This article was written for the Ecology Action Centre in promotion of their annual fundraiser, “A Perfect World” taking place on September, 18th, 2016. Find out more at www.ecologyaction.ca/perfectworld. 

Photo: Sustainable Blue salmon with purple fingerling potatoes from Elmridge Farm and mache (a sweet, locally grown green, from Hutten Family Farm).

An individual’s dietary intake is influenced by food cost, proximity to grocery stores, resources, transportation and nutritional quality as well as values and beliefs. Due to these factors, local food continues to have a very small role in the intake of Canadians, even though the prices are often on par with, or less expensive then, imported foods and locally grown food is often healthier, fresher and tastier than imported goods.

Now more than ever, supporting locally grown food is important due to climate change and droughts as well as the worldwide increasing costs of healthy foods and risk of food insecurity and foodborne illnesses. We know that supporting local farmers plays a part in supporting food security, but it also keeps money in the province, creates jobs, promotes a strong community and promotes environmental health.  “Supporting all NS farmers will help to move everything in a more ecological direction” (Lowe, 2008).

In terms of environmental sustainability and the maintenance of healthy, fertile soil for future generations, local food systems are incredibly important. Smaller scale farmers within the food system generally have a strong connection to their land and use more traditional and sustainable methods to ensure pest and weed control as well as to manage waste and water. Although most Nova Scotian farmers are not certified organic, local farmers are less reliant on chemical inputs than industrial farms due to practices such as hand-hoeing, crop covers, crop rotation and insect cloths, etc. Furthermore, in managing healthy soil, there is less of a risk for chemical run-off which gets into the ground and the water, causing harm to wildlife and aquatic life (Statistics Canada, 2008).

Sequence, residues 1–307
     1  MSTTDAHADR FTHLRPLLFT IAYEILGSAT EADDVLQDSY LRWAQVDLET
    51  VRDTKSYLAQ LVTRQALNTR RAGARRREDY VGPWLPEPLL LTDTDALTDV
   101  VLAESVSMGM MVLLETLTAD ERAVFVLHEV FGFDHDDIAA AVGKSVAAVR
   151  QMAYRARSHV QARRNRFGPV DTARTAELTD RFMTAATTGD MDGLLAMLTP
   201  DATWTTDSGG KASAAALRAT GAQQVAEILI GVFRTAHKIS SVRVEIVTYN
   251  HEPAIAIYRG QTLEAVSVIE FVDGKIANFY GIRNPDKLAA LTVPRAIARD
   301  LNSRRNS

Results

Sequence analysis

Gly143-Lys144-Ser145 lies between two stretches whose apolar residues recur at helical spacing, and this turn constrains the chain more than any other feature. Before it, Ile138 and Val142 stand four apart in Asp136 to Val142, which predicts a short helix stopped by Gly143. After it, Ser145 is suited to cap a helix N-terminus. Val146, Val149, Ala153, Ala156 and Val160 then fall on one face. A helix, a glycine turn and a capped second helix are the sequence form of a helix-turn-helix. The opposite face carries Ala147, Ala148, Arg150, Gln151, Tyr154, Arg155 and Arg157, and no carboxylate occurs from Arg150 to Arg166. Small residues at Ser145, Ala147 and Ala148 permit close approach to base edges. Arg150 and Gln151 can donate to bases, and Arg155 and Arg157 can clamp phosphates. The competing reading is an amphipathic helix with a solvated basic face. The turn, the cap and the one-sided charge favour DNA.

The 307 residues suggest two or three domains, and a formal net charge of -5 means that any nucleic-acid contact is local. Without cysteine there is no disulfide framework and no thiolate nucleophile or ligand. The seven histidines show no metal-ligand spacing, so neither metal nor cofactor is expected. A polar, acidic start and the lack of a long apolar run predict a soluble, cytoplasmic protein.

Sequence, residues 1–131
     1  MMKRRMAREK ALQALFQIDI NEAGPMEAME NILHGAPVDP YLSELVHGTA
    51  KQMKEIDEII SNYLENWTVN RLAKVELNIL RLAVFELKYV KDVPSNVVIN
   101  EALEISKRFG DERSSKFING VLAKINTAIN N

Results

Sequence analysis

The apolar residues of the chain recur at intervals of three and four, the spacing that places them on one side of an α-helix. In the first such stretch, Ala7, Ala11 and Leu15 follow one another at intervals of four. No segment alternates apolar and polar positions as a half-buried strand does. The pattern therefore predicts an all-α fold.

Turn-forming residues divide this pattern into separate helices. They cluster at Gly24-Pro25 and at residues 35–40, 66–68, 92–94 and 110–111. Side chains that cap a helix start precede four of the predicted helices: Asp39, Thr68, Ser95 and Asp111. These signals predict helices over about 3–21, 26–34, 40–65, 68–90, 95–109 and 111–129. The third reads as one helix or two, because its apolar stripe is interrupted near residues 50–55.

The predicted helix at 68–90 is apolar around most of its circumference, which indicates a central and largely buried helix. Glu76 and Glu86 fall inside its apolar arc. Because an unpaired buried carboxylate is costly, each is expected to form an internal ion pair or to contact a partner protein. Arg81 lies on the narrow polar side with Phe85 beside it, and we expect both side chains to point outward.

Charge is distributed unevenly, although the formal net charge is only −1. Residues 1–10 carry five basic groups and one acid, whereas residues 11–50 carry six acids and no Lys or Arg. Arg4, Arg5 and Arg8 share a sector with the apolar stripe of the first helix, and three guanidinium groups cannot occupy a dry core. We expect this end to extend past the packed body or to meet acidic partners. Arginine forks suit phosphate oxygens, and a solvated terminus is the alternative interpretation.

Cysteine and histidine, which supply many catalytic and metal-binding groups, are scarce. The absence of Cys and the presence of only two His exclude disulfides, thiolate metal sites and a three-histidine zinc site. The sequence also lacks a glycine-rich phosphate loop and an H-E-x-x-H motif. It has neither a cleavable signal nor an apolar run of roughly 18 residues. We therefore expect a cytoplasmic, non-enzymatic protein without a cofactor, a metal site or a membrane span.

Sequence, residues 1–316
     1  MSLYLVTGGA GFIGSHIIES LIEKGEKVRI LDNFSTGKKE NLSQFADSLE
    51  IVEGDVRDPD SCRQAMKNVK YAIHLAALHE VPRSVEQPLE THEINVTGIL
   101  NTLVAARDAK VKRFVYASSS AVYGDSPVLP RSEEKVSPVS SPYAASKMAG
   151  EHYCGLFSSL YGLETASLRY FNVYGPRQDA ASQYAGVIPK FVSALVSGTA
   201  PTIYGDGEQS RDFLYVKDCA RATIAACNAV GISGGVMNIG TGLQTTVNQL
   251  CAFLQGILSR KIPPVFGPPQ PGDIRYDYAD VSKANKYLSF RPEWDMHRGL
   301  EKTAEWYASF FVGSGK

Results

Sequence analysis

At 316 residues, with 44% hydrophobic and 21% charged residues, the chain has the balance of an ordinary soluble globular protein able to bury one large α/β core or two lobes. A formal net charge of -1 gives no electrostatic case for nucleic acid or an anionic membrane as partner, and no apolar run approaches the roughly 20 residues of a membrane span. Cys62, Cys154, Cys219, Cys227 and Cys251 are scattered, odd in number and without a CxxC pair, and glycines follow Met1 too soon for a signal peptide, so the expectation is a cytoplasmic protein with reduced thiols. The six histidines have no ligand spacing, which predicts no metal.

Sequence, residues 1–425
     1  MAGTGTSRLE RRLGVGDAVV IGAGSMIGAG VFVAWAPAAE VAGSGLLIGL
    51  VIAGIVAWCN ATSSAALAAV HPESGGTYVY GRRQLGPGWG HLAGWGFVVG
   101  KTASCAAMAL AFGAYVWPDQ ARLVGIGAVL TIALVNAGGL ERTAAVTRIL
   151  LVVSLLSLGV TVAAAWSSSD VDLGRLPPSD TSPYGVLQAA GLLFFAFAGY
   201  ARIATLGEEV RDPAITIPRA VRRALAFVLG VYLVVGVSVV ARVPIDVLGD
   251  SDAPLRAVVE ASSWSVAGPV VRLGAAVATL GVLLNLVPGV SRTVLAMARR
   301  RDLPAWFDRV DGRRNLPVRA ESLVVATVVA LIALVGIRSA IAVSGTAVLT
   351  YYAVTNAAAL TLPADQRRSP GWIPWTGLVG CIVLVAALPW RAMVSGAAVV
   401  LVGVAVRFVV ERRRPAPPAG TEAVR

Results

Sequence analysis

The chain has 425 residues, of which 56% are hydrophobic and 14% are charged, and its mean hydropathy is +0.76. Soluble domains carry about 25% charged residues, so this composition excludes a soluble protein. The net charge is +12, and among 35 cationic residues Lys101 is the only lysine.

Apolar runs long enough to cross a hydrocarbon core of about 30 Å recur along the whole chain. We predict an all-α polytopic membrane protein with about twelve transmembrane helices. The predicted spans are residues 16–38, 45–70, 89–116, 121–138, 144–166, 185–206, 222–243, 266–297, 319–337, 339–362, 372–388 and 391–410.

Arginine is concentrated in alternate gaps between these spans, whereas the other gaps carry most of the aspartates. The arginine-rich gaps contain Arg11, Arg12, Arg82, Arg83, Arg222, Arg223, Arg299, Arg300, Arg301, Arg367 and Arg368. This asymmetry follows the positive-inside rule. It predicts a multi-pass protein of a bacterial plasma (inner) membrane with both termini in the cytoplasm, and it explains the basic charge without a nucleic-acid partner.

Supporting local food also reduces our reliance on fossil fuels for many reasons. Industrial farms rely heavily on synthetic fertilizers and chemicals for production which are made using natural gas and oil, respectively. Smaller scale farms tend to manage the use of chemical inputs appropriately and a lot of the time, these chemicals are only used when needed, often with the help of a hired agronomist who can pinpoint when and what input should be used. Also, food travel uses a significant amount of fossil fuels and therefore, in supporting local farmers, we are reducing greenhouse gas emissions and air pollution.

Finally, supporting local food often drastically reduces the need for packaging; from boxes and styrofoam to saran wrap and plastic bags. Although you can generally purchase local food in a plastic bag, it is often harvested and sold as is.

It is incredibly important that consumers start asking questions related to the food being purchased. Find out where the product comes from and the farming practices used. It is with these questions that we can grow and maintain a thriving food community and we can support our local farmers in order to ensure a reliable, safe, transparent and best of all, sustainable food system for our future generations.

The Ecology Action Centre is one of several wonderful organizations in Nova Scotia who are working toward this positive food future. The EAC has been instrumental in raising the profile of healthy, local, sustainable food. Their annual fundraiser, called “Perfect World,” not only helps to support this kind of work, but is also an opportunity to enjoy fine culinary dishes prepared using local and sustainably sourced ingredients, from some of Nova Scotia’s top chefs. Come and experience the best of local food, and support this great cause at the same time! Information and tickets are available at www.ecologyaction.ca/perfectworld. What a great event to attend on your journey to sustainability.

Eat Well, Halifax
Nicole Marchand, RD

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